Climbing Mount Oberlin in Glacier National Park, June 2016
I just recently became more interested in climbing peaks in Glacier National Park, which is something I never thought I would want to do! I have been hearing for quite some time that Mount Oberlin is the best beginner peak, and is even considered family-friendly, meaning that you can take your children to the top! I was able to climb to the top of Mount Oberlin a few days ago, which I hope is a great kick off to a summer of peaks!
I had the chance to go after work a few days ago, which is late for my kids and I figured I should go first and check it out to decide if my kids should actually go up to the top of this peak or not. So we headed out around 4pm, which put us hiking around 6:30pm after driving to the top of Logan Pass.
We have been having incredible sunsets recently, which change colors and affect every few minutes, making it seem like you are getting like five sunsets in one night! This night started out absolutely gorgeous as we drove up the pass.
Mount Oberlin is the peak just up to the left from Birdwoman Falls if you look up from the Going-to-the-Sun Road, or the peak up to your right if you are looking up from the Logan Pass parking lot.
There are two routes to the summit. I own Blake Passmore’s Climb Glacier Park Volume 1, which recommends climbing to the saddle between Oberlin and Clements and then heading up through some Class II cliffs. Unfortunately, this time of year there is so much snow still along the saddle it didn’t seem safe, so instead we went straight up the ridge to the right. I highly recommend Blake’s book for the route leading over the saddle, and for all the other peaks in Glacier Park!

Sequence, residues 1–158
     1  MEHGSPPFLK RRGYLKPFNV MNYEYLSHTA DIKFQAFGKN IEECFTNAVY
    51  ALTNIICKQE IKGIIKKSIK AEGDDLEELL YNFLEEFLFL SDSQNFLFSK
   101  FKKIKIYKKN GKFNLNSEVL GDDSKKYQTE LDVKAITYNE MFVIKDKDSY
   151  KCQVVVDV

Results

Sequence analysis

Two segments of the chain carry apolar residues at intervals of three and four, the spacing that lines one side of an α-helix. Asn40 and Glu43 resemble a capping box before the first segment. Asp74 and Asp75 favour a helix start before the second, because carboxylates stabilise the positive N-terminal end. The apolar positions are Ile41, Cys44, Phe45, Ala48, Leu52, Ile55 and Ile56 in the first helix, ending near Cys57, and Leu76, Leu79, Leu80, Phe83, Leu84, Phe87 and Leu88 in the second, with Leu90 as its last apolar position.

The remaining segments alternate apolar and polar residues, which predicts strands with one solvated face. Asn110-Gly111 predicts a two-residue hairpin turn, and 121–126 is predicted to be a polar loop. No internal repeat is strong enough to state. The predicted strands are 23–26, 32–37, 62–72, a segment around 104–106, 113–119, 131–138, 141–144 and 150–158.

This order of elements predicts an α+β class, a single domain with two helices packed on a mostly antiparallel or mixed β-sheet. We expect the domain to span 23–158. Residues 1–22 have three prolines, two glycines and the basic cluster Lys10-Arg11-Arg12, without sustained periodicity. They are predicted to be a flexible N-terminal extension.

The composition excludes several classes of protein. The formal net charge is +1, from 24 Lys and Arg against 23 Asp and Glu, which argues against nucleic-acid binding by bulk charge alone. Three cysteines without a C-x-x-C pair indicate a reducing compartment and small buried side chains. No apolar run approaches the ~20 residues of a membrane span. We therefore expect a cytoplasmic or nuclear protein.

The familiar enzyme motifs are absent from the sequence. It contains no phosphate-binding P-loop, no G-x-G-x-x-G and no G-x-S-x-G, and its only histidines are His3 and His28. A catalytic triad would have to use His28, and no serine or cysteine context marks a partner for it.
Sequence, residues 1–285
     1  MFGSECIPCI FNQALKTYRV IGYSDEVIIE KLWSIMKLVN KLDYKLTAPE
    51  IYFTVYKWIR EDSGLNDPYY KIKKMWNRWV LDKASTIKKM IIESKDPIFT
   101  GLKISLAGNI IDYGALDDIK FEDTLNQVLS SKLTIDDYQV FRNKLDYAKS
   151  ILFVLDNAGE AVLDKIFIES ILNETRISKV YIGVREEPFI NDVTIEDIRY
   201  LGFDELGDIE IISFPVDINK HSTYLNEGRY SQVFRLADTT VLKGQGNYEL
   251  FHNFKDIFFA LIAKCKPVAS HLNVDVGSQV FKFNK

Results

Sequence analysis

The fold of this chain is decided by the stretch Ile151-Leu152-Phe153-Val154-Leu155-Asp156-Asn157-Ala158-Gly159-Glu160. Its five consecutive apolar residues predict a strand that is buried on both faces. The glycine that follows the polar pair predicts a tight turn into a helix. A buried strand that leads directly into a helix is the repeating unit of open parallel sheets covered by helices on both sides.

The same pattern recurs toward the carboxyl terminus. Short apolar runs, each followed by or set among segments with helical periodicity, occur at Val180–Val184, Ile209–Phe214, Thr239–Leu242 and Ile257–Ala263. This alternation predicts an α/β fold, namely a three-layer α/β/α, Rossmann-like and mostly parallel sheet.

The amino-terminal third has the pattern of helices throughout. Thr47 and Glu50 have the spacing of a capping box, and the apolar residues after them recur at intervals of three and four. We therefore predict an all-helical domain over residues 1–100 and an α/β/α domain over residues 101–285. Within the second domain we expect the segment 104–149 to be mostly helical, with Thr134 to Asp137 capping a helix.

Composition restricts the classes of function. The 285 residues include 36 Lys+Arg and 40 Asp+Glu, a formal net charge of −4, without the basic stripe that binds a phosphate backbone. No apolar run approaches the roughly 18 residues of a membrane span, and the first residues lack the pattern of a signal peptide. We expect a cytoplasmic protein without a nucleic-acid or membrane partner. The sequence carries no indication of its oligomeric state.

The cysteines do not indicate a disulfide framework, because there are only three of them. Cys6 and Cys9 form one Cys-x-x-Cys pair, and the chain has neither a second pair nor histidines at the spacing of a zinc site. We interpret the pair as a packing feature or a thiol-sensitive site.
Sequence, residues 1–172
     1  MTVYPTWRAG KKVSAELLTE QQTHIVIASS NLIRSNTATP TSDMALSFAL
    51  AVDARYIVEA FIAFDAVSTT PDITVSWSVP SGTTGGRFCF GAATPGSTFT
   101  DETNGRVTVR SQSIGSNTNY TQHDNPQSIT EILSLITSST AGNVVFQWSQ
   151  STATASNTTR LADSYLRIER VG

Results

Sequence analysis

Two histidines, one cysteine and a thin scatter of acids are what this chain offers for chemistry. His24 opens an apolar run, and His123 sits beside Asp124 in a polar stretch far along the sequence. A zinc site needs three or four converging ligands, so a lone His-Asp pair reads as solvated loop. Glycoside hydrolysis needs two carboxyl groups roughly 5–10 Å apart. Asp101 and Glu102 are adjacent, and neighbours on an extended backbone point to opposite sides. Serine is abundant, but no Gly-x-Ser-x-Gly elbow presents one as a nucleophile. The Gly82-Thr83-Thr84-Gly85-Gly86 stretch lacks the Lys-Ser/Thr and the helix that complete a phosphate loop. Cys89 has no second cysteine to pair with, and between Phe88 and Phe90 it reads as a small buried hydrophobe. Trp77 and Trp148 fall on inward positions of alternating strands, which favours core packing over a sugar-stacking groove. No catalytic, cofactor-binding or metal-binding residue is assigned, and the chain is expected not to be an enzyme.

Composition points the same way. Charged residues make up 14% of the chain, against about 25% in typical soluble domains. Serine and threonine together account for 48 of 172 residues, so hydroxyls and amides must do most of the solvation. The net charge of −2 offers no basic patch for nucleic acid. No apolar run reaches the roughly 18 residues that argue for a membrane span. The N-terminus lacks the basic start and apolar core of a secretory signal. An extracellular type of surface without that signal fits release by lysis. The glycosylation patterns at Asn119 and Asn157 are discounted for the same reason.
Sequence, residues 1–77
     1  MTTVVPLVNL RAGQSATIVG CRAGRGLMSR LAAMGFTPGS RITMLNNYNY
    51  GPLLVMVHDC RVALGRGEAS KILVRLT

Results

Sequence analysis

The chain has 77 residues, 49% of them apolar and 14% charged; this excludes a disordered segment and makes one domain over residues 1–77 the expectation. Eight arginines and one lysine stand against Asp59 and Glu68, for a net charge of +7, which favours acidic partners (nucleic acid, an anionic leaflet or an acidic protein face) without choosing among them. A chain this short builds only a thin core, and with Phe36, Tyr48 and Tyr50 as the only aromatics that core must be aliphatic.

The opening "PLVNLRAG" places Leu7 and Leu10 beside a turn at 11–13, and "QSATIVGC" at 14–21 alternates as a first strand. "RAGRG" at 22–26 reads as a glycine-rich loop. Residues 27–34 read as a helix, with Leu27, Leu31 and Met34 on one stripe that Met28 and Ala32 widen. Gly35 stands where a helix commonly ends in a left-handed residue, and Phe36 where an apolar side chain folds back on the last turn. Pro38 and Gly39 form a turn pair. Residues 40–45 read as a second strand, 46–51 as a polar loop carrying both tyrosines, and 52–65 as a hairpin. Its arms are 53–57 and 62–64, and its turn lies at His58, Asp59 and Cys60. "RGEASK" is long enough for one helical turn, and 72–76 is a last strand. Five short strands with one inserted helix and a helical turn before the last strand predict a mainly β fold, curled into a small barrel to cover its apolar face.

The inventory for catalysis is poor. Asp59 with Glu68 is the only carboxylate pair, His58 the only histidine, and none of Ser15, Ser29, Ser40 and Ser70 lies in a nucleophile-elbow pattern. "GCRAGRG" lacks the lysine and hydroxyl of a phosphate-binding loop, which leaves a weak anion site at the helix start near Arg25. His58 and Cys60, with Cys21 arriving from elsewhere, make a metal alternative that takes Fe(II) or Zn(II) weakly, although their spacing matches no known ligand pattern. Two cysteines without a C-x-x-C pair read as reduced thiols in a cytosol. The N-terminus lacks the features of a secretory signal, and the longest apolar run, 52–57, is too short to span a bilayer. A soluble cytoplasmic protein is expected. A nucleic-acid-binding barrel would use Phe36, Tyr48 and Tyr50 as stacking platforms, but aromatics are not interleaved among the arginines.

There is a climber’s trail that takes off from the sidewalk leading just north of the Logan Pass Visitor Center. Again, there is so much snow up there right now that you can’t see the trail, so we just started walking through the snow toward Oberlin. In the few grassy patches that we crossed, we hopped from rock to rock so as not to damage the grass that is considered precious in the Logan Pass area. (Leaving the boardwalk is discouraged during the summer months, but there is a pretty worn trail to Mount Oberlin from people climbing it that people travel on.)
From there you head up and start heading right while trying to stay high. There is a waterfall up to the right that you will see below Oberlin, we crossed just above the waterfall over a snow bridge that thankfully held out!
You can see a large set of cliffs at the base of Oberlin, and you want to get up around to the left of that. There happens to be a goat trail, or perhaps it’s a climber’s trail, that leads you under those cliffs, up and around and then cuts back to the right above the cliffs. From there it is just a short series of switchbacks that go through steep scree to get to the top.
It is a quick hike; I think even having to climb through the snow we did it in under an hour. It takes about the same to get back down.
It was such a great time, and we fortunately sat up there until almost dark so we were able to see the many sunsets that that night had in store for us. The magical light always happens at night! Then we hiked down just as it was getting dark.
The snow up there right now is incredibly soft and fun and sledding on it is amazing! You go so fast!
I feel so lucky to have found a group of friends who love to do these things as much as I do, so that I had a large group of people to hike with that night!
I highly recommend Mount Oberlin! I am definitely afraid of heights (my legs start shaking on edges), and this hike, though steep, you feel safe while hiking. Also the top has plenty of room to stand and hang out. Mountain goats, big horn sheep, and a marmot were the wildlife seen along the way.
Oberlin was such a great hike and definitely manageable with older children! I am hoping to get on some more peaks this summer.
Warm Wishes from Big Sky Country!
Alex M. Neill